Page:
I can’t recall ever seeing so many golfers with 20/1 odds or shorter? That speaks to how large the wave of young superstars that the PGA Tour currently possesses is. While more golfers have a legitimate shot at winning a green jacket than throughout history, the past dozen winners have ALL still been ranked inside the World’s Top 30. Keep in mind last time a golfer won this tournament in his first appearance was Fuzzy Zoeller way back in 1979, even though Zalatoris finished 2nd as a virgin just last year.
Colin Morikawa (+2000) – At age 25 he’s already halfway to a career Grand Slam, in just 8 major tournaments. This will be his third go-around here, he’s made the cut twice and he’s looking to improve on his Top 20 last year. The best iron player on the planet is clearly comfortable on the biggest of stages. If this new “saw” grip on the putter helps to solve his woes on the green, you’ll be looking at the youngest golfer ever to win 3 of the 4 majors.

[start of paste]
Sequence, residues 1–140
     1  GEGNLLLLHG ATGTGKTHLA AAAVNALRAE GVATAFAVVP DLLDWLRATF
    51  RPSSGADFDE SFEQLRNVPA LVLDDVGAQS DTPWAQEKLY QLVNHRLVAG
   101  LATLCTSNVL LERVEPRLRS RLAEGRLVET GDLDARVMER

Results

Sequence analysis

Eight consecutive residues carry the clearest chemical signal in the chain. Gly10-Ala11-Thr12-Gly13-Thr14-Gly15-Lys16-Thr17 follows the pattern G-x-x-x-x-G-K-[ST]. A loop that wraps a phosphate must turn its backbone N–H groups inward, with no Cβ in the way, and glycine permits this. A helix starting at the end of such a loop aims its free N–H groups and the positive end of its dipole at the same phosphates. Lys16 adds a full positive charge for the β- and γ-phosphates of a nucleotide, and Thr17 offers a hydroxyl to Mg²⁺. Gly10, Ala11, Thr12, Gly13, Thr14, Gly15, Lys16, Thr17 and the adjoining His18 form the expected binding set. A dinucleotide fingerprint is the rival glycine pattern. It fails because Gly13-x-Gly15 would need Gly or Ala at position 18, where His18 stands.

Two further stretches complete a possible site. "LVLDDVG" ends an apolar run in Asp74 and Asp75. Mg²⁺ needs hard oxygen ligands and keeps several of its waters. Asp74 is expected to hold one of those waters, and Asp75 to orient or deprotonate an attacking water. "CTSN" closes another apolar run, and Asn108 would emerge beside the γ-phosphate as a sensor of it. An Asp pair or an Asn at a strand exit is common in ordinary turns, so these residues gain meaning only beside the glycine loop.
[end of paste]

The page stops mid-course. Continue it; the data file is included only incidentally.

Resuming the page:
Joaquin Niemann (+4500) – Believe it or not, he is still just 23 years old, a full year younger than Viktor Hovland. He struggled at Majors early in his career but has now made five cuts in a row. His dominating wire-to-wire win at Riviera in February turned me into a believer. Not to mention Riviera is the #1 most similar course to Augusta National.
Talor Gooch (+10000) – This late-bloomer is no doubt a top–tier player. His mental fortitude and consistent game is what major champs are made from. Average from the tee’s (both distance & accuracy) but is always gaining strokes on approach & around the green. At 100/1 you are getting value upon value. Love Gooch for Top-20/10 bets also.